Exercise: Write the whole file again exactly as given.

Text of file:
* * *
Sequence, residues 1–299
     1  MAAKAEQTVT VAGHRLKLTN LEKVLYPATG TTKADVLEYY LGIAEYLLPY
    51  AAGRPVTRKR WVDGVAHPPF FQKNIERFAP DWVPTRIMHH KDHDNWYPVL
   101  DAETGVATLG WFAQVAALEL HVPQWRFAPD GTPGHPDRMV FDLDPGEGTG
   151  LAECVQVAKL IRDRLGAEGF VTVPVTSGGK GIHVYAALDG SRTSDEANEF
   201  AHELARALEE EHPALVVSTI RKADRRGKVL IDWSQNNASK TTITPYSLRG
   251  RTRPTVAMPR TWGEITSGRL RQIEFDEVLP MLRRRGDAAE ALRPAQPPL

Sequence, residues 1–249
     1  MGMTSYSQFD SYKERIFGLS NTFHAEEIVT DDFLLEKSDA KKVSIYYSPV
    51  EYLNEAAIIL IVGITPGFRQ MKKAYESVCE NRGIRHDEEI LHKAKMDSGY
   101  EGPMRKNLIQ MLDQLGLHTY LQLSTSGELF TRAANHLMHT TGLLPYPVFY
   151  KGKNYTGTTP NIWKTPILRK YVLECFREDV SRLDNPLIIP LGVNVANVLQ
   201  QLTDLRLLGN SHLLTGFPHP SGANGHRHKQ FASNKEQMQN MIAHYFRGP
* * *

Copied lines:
Sequence, residues 1–299
     1  MAAKAEQTVT VAGHRLKLTN LEKVLYPATG TTKADVLEYY LGIAEYLLPY
    51  AAGRPVTRKR WVDGVAHPPF FQKNIERFAP DWVPTRIMHH KDHDNWYPVL
   101  DAETGVATLG WFAQVAALEL HVPQWRFAPD GTPGHPDRMV FDLDPGEGTG
   151  LAECVQVAKL IRDRLGAEGF VTVPVTSGGK GIHVYAALDG SRTSDEANEF
   201  AHELARALEE EHPALVVSTI RKADRRGKVL IDWSQNNASK TTITPYSLRG
   251  RTRPTVAMPR TWGEITSGRL RQIEFDEVLP MLRRRGDAAE ALRPAQPPL

Sequence, residues 1–249
     1  MGMTSYSQFD SYKERIFGLS NTFHAEEIVT DDFLLEKSDA KKVSIYYSPV
    51  EYLNEAAIIL IVGITPGFRQ MKKAYESVCE NRGIRHDEEI LHKAKMDSGY
   101  EGPMRKNLIQ MLDQLGLHTY LQLSTSGELF TRAANHLMHT TGLLPYPVFY
   151  KGKNYTGTTP NIWKTPILRK YVLECFREDV SRLDNPLIIP LGVNVANVLQ
   201  QLTDLRLLGN SHLLTGFPHP SGANGHRHKQ FASNKEQMQN MIAHYFRGP